Document Sharing

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The goal is to find a simple, yet powerful, way to share documents withing a small team, using both linux and windows.

Cloud Storage

Free alternative to things like google drive or Dropbox. This requires users to have an internet connection almost permanently.

Links

Owncloud

http://en.wikipedia.org/wiki/Owncloud http://owncloud.org/ gentoo : www-apps/owncloud

  • inline editing of documents.
  • swift backend (but see not below)
  • dropbox-style synchronization
  • android/ios client, but not free, see below.
  • file revision history

Can be used on top of swift (openstack) or AWS S3, or users can mount a swift/s3 directory. But it's cumbersome, it doesn't really work, and the configuration is complicated. Most importantly, it is highly inefficient : when you upload a file, it goes through the owncloud server (oc client -> oc server -> storage), which is a no-go for my use cases.

They are charging for the android client, even though opensource. You can find a free (and legal) version on f-droid. There are now other (android) applications based on the api, even on google play, but with less features.


Pydio (formely AjaXplorer)

https://pyd.io/ Not in gentoo.

More focused on document sharing than owncloud (which does much much more, maybe too much).

  • official free android / ios app
  • nice (admin) interface
  • stats (upload, download, access)
  • notification for upload/access
  • swift backend, but how does it relate to the bad owncloud one ?
  • dropbox-style synchronization
  • file revision history
  • funny thunderbird plugin to automatically put bit attachements on pydio and only mail the link
  • "so much faster than owncloud" (december 2014)

The desktop synchronization stuff is done in java (ugly) and is said to be unstable.

http://philippe.scoffoni.net/comparatif-owncloud-vs-pydio/

Seafile

http://seafile.com/en/home/, In gentoo since may 2017

  • free android/ios clients
  • linux "client" (system tray applet actually), based on qt5. (may 2nd, 2017: crashes on startup, segfault in copyActionToPlatformItem)
  • they mostly use nginx/gunicorn/django, this is an excellent software stack.
  • the architecture seems complicated, but that may solve the usual problem of uploads going through several layers (nginx/php) which is a huge bottleneck for uploading big files (>10GB).
  • they have some "pro" version (?) :-(
  • client-side encryption
  • file revision history
  • dropbox-style synchronization

SparkleShare

http://sparkleshare.org/ In gentoo : net-misc/sparkleshare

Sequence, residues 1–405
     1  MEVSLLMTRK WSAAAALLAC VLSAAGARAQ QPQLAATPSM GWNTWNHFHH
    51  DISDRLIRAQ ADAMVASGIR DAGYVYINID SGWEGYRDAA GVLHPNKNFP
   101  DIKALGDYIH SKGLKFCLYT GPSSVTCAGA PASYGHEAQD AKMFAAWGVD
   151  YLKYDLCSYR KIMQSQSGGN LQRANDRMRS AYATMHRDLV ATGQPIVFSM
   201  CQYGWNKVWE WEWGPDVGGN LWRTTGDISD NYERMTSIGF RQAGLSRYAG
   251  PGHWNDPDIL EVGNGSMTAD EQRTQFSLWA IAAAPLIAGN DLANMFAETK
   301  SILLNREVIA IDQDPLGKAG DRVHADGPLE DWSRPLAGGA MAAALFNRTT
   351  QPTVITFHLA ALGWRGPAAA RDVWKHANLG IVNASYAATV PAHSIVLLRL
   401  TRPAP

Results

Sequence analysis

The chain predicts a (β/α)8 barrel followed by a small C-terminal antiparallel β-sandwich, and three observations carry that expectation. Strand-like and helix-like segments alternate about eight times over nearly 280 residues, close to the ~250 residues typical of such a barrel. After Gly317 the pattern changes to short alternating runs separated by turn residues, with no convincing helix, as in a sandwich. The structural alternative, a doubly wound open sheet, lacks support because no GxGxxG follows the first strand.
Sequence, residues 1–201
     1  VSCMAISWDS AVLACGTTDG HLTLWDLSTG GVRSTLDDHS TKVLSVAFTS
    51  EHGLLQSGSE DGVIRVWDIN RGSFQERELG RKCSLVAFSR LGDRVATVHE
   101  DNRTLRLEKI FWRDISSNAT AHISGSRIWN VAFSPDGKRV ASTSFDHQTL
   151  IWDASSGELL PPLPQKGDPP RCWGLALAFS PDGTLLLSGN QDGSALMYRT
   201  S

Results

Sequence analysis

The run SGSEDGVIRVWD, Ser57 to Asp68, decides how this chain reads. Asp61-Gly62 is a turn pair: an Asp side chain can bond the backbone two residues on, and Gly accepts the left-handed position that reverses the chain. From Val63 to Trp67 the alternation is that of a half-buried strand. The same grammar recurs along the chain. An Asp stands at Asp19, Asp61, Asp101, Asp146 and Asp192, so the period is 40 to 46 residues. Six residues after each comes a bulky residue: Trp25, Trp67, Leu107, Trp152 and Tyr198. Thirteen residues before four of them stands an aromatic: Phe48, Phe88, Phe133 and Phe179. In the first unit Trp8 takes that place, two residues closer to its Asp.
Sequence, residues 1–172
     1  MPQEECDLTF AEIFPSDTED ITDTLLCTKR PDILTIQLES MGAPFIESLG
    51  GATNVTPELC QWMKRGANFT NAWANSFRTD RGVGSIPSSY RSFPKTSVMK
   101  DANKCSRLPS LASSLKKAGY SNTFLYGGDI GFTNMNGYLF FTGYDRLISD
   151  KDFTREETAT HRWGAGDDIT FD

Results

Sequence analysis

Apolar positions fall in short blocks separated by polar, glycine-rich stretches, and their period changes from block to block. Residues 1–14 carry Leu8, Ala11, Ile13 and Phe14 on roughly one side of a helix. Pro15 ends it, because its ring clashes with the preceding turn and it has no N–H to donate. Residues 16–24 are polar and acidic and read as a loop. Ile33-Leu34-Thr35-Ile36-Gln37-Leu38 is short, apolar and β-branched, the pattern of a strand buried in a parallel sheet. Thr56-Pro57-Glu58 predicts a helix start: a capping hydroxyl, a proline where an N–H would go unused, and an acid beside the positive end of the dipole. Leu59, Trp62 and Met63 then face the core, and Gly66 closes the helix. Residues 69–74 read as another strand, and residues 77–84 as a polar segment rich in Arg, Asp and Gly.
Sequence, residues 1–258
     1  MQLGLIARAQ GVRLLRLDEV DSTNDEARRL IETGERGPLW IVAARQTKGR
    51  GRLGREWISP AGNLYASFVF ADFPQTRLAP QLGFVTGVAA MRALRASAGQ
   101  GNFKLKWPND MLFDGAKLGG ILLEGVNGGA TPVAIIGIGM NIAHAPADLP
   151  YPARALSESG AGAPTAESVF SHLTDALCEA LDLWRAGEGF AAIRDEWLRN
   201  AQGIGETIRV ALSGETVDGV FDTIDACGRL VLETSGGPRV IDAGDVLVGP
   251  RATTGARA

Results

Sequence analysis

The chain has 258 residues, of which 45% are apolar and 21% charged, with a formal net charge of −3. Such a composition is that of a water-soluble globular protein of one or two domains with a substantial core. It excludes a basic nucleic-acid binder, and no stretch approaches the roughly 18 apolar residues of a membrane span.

Based on git, so will only work with small files (<1G) with no or really few revisions. But of course, recovering old versions is now a given (even point-in-time for directories).

  • client-side encryption

Syncany

https://www.syncany.org/ Not in gentoo.

  • dropbox-like file sync
  • client-side encryption
  • several storage backend, but no mention of swift
  • versioned files
  • march 2015 : only available as CLI
  • mentions docker in download, they use readthedocs

Cozy

http://cozy.io/en/ Not in gentoo.

  • free android application, no ios, no desktop
  • they use fabric, python, node.js, nginx, ansible, raspberry pi
  • done in France

Disconnected

Revision control (CVS, subversion, git)

Even though those are rather technical tools, they are well integrated in windows/macos/linux with things like tortoise. As such, they can be used by non-technical people (click-only). You still need to teach them about "commit" and "update" (and scare them with "conflict")

The favorite solution of Bluebird, used in several different professional contexts.

There are now solutions basically doing this but integrated and with lot of features added on top (check for exemple sparkleshare previously in this page).

webdav

Looks good on paper (there's even a locking mechanism), but it has consistently failed both my expectations and tests since 2000 and at least until 2015 (orzel). The different implementations (for both server- and client-sides) keep on being quite incompatible. MacOS uses some tricky uncommon extension which makes it incompatible with most clients, IE support for webdav is ugly.

scp + http/webdav (.htpasswd)

Poor-man solution, once used by orzel, but no more. It's just copying files, doesn't do any kind of synchronisation. The user does it all.


Connected

Only for local sharing, which has lost a lot of interest in recent days.

Samba / SMB (Windows file Sharing)

Heavy, doesn't protect from locking/erasing.

NFS

Heavy, doesn't work under windows, no way to protect from erasing. Can't really be used through internet or vpn.